Best & Lothes Mineral Water Cincinnati

Provenance: Doug Shutler Collection

Adam Best and Eberhard Lothes, of German descent, were partners and mineral water manufacturers in Cincinnati, Ohio, from 1865 to 1873. Adam was born in Darmstadt, Germany, about 1827, while Eberhard Lothes was born in Bavaria around 1825. Eberhard and his wife Magdalena arrived in America in May 1854, leaving from the Port of Bremen, Germany, on the ship Aeolus arriving in Baltimore, Maryland. Many Germans of this period were fleeing a worsening political and economic situation. They were destined for Cincinnati, which had a large German population, plenty of opportunity, and wide-open lands. These Germans usually had money to make this trip and set aside funds to start a business not long after their arrival.

Adam and Eberhard must have been good friends as they and their families lived nearby in 1863. Adam Best at 279 Ham Road and Eberhard Lothes at 275 Ham Road. Adam was employed as a cooper, making or repairing wooden casks or tubs. He married Apollonia Votter on November 24, 1850, in Cincinnati. Jacob, John, Apollonia, Adam, August, and Henry were their children. Eberhard was a quarryman. His wife Magdalena, who Eberhard married in the 1840s, would bear five children, George, John, Barbara, Catharine, and Anton. When Adam and Eberhard went into business, Best & Lothes was addressed at 277 Ham Road, which is between both of their home addresses.

In the 1870s, Adam Best was listed both as a grocer and mineral water manufacturer. By 1877 his mineral water business was addressed at 277 McMicken Avenue, probably the same as 277 Ham Street. Growing cities typically have renaming and numbering adjustments to assist in logical street mapping. Adam would die on December 27, 1880, at a relatively young age of 52 or 53. His son Adam would continue the mineral water business. Eberhard and his son would continue in the mineral water business at two locations. Ebehard would die on December 25, 1877.

Our museum example of a 7 ½” tall cylindrical pony bottle was blown in a blue-green aquamarine glass. There is a smooth base and an applied glob top mouth. The embossed copy ‘BEST & LOTHES’ appears on the face of the bottle arched over straight-line copy reading ‘MINERAL WATER.’ The abbreviation ‘CIN O’ is embossed beneath in a third line. The ‘N’ is smaller, raised, and underlined. The ‘O’ does not have a period and is distanced from ‘CIN.’ There is no embossed copy on the reverse. The bottle is somewhat rare as we have not seen another example though a few others are recorded.

Adam Best has three similar bottles with just his name on the bottle. The first is embossed ‘A. BEST CINCINNATI O.’ in a round plate. The reverse is embossed ‘THIS BOTTLE IS NEVER SOLD’ and ‘H. G. Co.’ for Hemingray Glass Company. Another recorded bottle is embossed ‘A. BEST CINCINNATI’ in a horseshoe plate and ‘D.O.C.’ for Cunningham, Domenic O’Conner. The third known bottle is embossed, ‘ADAM BEST MINERAL WATER (in converse and concave arches) and ‘CINCINNATI. O.’ all in a round plate. It appears to have been made at Hamilton Glass Works.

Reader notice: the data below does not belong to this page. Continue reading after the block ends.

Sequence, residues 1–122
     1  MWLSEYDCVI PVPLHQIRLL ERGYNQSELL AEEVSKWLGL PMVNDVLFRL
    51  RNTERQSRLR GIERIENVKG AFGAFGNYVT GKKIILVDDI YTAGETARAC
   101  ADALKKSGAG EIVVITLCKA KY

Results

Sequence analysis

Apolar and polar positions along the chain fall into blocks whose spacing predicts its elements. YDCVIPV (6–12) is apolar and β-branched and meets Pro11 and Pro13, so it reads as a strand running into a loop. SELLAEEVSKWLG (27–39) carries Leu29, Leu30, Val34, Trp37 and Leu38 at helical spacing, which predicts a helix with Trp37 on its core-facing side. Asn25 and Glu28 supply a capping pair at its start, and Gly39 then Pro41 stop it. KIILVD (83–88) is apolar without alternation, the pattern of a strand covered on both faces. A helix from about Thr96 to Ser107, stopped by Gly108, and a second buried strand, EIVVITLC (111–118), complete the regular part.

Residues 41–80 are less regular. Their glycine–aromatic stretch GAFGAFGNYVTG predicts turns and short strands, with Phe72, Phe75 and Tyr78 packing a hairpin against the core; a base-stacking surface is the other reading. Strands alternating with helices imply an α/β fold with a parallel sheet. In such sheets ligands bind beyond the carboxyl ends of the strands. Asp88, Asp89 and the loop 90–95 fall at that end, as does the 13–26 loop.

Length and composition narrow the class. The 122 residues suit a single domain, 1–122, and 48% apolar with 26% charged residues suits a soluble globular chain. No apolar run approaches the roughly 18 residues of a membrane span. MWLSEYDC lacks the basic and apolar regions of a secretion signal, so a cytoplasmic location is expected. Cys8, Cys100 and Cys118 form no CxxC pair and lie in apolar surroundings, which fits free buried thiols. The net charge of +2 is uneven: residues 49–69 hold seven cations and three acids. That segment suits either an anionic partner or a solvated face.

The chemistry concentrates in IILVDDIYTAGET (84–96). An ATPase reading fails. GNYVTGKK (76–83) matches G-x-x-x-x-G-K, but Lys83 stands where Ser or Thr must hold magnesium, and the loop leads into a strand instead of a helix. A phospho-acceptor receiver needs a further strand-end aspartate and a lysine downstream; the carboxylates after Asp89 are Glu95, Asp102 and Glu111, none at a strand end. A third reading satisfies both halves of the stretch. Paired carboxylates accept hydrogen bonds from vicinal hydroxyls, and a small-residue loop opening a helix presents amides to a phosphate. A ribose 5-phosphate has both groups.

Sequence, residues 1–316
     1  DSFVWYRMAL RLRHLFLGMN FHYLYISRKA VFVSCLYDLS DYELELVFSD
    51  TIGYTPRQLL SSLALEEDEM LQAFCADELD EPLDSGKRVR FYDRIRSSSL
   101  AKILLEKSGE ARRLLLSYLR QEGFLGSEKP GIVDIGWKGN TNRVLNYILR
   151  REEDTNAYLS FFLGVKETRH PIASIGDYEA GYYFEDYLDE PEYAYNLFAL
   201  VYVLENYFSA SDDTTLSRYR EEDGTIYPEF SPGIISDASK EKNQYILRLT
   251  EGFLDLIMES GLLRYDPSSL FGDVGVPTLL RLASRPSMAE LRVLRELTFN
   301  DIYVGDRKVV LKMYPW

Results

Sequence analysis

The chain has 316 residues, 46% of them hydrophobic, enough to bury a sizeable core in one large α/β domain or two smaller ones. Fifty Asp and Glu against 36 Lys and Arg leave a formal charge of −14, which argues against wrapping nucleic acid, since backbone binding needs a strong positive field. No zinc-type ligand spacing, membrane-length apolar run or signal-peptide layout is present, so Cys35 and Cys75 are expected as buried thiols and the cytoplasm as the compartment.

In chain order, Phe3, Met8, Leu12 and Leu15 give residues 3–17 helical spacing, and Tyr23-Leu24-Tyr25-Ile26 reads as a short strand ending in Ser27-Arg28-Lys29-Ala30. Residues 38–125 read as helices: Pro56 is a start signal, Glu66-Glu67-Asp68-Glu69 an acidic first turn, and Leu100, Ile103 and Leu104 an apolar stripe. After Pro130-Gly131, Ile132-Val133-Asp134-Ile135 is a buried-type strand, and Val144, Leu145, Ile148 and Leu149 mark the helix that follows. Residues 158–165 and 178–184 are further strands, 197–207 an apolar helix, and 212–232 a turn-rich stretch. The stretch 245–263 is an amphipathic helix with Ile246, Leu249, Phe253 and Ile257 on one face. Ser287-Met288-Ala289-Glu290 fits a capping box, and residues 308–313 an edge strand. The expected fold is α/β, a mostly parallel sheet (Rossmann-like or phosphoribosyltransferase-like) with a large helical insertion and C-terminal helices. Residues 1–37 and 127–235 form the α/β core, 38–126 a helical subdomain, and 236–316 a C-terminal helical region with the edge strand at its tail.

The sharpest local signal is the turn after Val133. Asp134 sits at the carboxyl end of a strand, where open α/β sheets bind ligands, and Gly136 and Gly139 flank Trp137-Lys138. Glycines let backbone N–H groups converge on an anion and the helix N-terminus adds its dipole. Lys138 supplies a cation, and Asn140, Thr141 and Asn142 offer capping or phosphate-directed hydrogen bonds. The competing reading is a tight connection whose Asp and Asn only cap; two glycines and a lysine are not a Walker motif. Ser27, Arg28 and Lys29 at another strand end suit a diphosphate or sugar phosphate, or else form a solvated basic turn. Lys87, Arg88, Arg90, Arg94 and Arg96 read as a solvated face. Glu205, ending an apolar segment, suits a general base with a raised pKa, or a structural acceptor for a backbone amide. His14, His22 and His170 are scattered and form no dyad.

The difference between “soda water” and “mineral water” during the 19th century was often vague. Soda water was generally considered flavored artificial mineral water with the purposeful addition of carbonation and various compounds and flavoring. Mineral or spring water, as it was also called, would generally be natural waters from spring sources that were typically highly mineralized with carbonates like alkaline, sulfurous compounds, and or various salts, which often carbonated naturally. The confusion sometimes arises when mineral water is used as a generic term applied to various natural and artificially carbonated, non-artificially flavored waters, including many utilized for their perceived medicinal qualities. Please visit the museum Spring & Mineral Water Gallery.

When looking at the 277 McMicken Avenue address in the Over-the-Rhine district in Cincinnati, we find the 3-story building that Adam Best and Eberhard Lothes had their mineral water business. Over-the-Rhine (often abbreviated as OTR) was a working-class neighborhood and is among the largest, most intact urban historic districts in the United States. When these pictures were taken in 2019, the building was under renovation for residential purposes. Local real estate and news about the building refer to it as the Best & Lothes building. This building was done in conjunction with Appolonia House at 207 W. McMicken Avenue. Appolonia House was named for the wife of Adam Best, who originally owned the buildings.

Primary Image: The Best & Lothes Mineral Water, Cincinnati bottle imaged on location by Alan DeMaison, FOHBC Virtual Museum Midwest Studio

Support: Reference to The American Pontiled Soda Database Project, Tod von Mechow

Support: Reference to Soda & Beer Bottles of North America, Tod von Mechow

Support: Reference to Co-living developer opens OTR apartments, Cincinnati Business Journal

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